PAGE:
[DSP: El Grande]
Mississippi Queen
1997
Designer: Werner Hodel (1st win)
Publisher: Goldsieber (1st win)
Setting: Paddlewheel racing (America)
An early use of modular board in a racing context features a built-in danger for the leader who has the least chance to cope with the unknown course that lies ahead.
[DSP: Löwenherz]
Elfenland
1998
Designer: Alan Moon (1st win)
Publisher: Amigo (1st win)
Setting: Fantasy
This game of travel is one of the first winners to employ drafting in a big way, this time to choose tiles that enable travel over the various types of routes while avoiding opposition attempts to stymie same.
[DSP: Euphrat & Tigris]
Tikal
1999
Designer: Michael Kiesling (1st win), Wolfgang Kramer (4th win)
Publisher: Ravensburger (5th win)
Setting: Archaeology
Allocating resources as efficiently as possible, with consideration of possible opponent moves, keeps this very competitive while still feeling quite real as the more one excavates, the larger the pile (of dirt?) that appears.
[DSP: Tikal]
Torres
2000
Designer: Michael Kiesling (2nd win), Wolfgang Kramer (5th win)
Publisher: Ravensburger (6th win)
Setting: Architecture (Spain)
The games revisits the third dimension in this game of constructing towers and playing cards to have pieces climb to the tops of the largest structures.
[DSP: Tadsch Mahal]
Carcassonne
2001
Designer: Klaus-Jürgen Wrede (1st win)
Publisher: Hans-im-Glück (4th win)
Setting: Civic planning (France)
Tiles are placed and pieces used to take over countryside features in four different types, attempting to complete them.
[DSP: Carcassonne]
Villa Paletti
2002
Designer: Bill Payne (1st win)
Publisher: Zoch (1st win)
Setting: Abstract
In this dexterity game players first build up a multi-platform structure with shaky pillars and then must one by one remove pillars hoping to avoid crashing the entire structure.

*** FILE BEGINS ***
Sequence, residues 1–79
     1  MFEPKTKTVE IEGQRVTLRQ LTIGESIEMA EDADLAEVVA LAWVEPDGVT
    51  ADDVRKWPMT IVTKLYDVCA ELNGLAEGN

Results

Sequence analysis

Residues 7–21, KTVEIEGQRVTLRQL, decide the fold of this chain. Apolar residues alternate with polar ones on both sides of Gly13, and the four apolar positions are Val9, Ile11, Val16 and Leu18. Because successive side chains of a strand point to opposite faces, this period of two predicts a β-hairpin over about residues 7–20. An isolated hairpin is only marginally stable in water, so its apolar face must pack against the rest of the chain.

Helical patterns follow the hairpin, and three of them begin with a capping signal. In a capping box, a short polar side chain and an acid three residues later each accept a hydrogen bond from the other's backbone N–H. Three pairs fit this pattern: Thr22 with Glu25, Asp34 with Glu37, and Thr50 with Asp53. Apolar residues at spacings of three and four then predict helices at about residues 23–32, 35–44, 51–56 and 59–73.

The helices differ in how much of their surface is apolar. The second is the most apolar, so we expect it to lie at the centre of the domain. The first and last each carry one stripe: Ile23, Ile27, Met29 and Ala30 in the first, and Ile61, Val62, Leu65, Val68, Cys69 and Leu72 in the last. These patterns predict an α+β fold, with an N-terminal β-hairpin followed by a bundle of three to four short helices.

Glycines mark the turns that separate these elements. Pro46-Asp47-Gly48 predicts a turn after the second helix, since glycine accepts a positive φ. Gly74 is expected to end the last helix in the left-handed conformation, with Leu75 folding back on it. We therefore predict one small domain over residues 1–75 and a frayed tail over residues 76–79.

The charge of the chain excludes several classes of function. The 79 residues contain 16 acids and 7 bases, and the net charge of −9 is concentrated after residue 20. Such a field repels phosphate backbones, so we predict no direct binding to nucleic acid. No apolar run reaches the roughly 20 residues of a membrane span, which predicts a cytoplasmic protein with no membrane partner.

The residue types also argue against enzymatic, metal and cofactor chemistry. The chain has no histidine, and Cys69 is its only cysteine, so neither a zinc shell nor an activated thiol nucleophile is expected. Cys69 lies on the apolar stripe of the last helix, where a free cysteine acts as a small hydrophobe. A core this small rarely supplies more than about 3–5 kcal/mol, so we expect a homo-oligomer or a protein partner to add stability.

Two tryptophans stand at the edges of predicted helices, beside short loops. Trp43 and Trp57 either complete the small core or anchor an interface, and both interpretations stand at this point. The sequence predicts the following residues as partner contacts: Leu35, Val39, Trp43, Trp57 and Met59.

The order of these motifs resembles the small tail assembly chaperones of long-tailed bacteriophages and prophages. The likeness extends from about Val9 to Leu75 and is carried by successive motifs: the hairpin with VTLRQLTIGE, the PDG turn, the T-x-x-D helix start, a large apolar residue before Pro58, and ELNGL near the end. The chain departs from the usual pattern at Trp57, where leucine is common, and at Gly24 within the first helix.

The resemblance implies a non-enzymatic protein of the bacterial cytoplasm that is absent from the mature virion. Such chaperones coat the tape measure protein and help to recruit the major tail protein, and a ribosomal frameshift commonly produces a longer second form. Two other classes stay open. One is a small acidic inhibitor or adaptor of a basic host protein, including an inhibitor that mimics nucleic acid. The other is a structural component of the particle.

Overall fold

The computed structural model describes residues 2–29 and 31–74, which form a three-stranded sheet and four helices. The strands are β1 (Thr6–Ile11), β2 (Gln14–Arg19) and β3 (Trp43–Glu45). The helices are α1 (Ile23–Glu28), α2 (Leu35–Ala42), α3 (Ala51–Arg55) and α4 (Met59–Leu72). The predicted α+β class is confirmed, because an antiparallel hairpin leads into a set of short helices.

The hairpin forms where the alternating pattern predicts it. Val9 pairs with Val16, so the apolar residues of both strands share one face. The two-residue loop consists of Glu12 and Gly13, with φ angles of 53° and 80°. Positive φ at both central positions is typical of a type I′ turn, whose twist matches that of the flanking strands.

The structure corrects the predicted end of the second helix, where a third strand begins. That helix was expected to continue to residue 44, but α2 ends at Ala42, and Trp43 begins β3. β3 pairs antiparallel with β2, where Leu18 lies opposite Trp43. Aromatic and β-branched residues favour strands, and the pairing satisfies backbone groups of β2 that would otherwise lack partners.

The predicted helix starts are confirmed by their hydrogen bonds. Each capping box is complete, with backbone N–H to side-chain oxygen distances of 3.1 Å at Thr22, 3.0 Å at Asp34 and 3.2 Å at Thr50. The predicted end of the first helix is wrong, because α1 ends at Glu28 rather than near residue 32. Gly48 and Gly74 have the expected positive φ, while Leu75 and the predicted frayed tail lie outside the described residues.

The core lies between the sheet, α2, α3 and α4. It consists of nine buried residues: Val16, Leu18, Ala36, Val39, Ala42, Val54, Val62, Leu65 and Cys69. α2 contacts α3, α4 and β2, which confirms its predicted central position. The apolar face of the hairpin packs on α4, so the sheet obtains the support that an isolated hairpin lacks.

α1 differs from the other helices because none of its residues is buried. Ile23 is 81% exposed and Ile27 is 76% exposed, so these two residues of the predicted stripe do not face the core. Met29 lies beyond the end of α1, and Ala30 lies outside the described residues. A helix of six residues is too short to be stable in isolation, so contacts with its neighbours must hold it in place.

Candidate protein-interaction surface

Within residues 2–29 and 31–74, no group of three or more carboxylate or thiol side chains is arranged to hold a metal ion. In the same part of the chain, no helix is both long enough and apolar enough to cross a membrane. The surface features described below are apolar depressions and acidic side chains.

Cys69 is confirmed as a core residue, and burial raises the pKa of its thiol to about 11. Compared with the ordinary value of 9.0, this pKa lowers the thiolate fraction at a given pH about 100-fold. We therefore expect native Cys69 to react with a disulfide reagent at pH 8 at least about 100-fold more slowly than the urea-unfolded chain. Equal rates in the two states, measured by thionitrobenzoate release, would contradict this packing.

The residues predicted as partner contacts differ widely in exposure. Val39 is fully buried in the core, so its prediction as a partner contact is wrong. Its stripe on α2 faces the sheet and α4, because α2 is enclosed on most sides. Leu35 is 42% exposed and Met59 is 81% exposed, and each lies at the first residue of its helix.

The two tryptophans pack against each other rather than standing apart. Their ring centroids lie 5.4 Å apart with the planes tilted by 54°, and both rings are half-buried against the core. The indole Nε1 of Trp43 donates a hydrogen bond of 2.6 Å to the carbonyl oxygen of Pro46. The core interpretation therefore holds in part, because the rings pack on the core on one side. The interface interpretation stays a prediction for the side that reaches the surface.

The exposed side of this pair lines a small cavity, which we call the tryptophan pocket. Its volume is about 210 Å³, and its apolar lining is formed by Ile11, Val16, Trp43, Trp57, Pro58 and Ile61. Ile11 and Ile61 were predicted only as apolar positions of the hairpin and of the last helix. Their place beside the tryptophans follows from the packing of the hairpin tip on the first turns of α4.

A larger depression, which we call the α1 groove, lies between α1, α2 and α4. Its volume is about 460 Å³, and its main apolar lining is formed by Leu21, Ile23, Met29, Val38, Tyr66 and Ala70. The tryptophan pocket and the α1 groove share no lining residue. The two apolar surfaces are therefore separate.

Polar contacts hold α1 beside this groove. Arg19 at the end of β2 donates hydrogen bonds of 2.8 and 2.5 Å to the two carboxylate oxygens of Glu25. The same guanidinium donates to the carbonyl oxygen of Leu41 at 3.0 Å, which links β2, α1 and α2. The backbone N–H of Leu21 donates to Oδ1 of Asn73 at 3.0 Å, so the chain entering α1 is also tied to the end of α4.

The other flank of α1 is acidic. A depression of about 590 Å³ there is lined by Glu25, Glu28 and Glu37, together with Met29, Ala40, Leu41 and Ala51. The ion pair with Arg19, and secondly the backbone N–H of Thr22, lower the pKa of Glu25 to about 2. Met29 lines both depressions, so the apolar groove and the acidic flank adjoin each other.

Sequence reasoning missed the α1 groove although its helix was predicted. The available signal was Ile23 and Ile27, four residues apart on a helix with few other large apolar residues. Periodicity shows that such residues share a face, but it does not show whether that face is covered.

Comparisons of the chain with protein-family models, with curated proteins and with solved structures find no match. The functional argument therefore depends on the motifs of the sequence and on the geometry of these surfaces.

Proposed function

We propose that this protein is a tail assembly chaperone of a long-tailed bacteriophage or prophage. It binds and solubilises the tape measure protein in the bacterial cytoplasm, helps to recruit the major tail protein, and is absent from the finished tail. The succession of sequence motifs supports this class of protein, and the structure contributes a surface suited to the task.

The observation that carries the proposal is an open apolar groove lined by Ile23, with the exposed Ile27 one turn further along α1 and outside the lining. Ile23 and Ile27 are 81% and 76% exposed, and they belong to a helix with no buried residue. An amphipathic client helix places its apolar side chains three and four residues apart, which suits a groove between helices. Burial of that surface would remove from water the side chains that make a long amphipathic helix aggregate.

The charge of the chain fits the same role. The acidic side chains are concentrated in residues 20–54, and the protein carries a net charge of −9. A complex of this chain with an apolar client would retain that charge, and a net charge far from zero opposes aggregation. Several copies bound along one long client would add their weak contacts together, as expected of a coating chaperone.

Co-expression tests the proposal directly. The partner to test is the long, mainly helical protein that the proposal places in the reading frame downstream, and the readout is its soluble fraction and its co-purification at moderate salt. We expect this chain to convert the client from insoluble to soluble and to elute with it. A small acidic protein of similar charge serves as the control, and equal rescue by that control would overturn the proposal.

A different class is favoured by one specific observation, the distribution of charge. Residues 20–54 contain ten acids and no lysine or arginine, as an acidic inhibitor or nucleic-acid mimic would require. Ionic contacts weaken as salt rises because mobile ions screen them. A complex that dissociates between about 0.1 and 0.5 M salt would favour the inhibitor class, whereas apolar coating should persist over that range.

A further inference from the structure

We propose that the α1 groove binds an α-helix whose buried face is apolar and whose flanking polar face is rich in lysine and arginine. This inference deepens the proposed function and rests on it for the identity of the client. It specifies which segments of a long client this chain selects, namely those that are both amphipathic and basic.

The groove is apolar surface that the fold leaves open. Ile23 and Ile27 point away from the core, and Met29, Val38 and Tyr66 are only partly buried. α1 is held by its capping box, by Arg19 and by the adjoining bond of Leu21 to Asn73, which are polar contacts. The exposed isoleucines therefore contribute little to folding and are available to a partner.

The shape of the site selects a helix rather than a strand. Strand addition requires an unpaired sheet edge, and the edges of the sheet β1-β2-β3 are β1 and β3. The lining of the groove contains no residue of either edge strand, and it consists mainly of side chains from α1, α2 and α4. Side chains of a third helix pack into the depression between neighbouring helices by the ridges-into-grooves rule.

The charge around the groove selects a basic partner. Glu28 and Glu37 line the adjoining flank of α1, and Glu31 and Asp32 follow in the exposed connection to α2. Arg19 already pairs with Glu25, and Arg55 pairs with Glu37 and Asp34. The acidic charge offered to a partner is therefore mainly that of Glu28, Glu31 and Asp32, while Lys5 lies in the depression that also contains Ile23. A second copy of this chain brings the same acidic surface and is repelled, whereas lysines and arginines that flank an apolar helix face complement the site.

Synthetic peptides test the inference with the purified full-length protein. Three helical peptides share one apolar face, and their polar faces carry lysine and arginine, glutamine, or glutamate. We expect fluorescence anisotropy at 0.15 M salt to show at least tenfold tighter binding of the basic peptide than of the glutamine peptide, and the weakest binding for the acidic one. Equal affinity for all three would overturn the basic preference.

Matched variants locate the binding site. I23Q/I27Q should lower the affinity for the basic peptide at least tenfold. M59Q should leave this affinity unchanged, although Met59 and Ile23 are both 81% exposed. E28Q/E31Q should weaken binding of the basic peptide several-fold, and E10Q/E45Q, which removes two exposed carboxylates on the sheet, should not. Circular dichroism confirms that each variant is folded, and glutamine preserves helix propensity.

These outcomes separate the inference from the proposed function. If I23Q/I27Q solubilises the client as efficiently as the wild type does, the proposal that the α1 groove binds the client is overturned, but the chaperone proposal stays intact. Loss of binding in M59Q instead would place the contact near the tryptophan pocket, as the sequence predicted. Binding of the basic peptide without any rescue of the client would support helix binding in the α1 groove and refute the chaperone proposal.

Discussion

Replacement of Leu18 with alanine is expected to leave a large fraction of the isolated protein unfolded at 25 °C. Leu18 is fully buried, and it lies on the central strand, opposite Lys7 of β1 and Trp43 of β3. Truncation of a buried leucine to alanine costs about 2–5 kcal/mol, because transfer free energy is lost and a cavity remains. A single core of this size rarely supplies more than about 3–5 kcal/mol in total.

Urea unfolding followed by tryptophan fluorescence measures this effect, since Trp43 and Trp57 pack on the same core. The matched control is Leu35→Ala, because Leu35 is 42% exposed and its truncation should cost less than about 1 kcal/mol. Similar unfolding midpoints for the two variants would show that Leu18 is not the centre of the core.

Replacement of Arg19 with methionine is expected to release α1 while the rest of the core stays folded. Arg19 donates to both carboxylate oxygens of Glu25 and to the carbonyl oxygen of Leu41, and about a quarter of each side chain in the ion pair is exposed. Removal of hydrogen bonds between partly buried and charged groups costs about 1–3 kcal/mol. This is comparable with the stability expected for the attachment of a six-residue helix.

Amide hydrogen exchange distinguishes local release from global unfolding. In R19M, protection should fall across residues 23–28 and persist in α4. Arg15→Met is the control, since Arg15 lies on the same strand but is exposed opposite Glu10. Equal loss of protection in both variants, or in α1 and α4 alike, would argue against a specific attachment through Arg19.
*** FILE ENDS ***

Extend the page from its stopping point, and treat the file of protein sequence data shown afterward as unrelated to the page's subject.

[DSP: Puerto Rico]
Alhambra
2003
Designer: Dirk Henn (1st win)
Publisher: Queen (1st win)
Setting: Landscaping (Spain)
Players make difficult drafting decisions as they try to collect sets without knowing what will be available in the future. They then face further difficulties laying out purchased items in an optimal fashion.
[DSP: Amun-Re]
Zug um Zug (Ticket to Ride)
2004
Designer: Alan Moon (2nd win)
Publisher: Days of Wonder (1st win)
Setting: Railroads (American)
Players face many difficult decisions, in choosing which location cards to draft and in when and how best to play them.
[DSP: St. Petersburg]
Niagara
2005
Designer: Thomas Liesching (1st win)
Publisher: Zoch (2nd win)
Setting: River transport (North America)
The river moves so rapidly in this partly action game that while attempting to trade and travel, captains must work hard to avoid going over the falls, literally.
[DSP: Louis XIV]
Thurn and Taxis
2006
Designer: Andreas Seyfarth (2nd win), Karen Seyfarth (1st win)
Publisher: Hans-im-Glück (5th win)
Setting: Early mail (Germany)
Drafting place cards to create travel routes has many dilemmas as there are so many ways to score points, but so little reliability in the cards that appear.
[DSP: Caylus]
Zooloretto
2007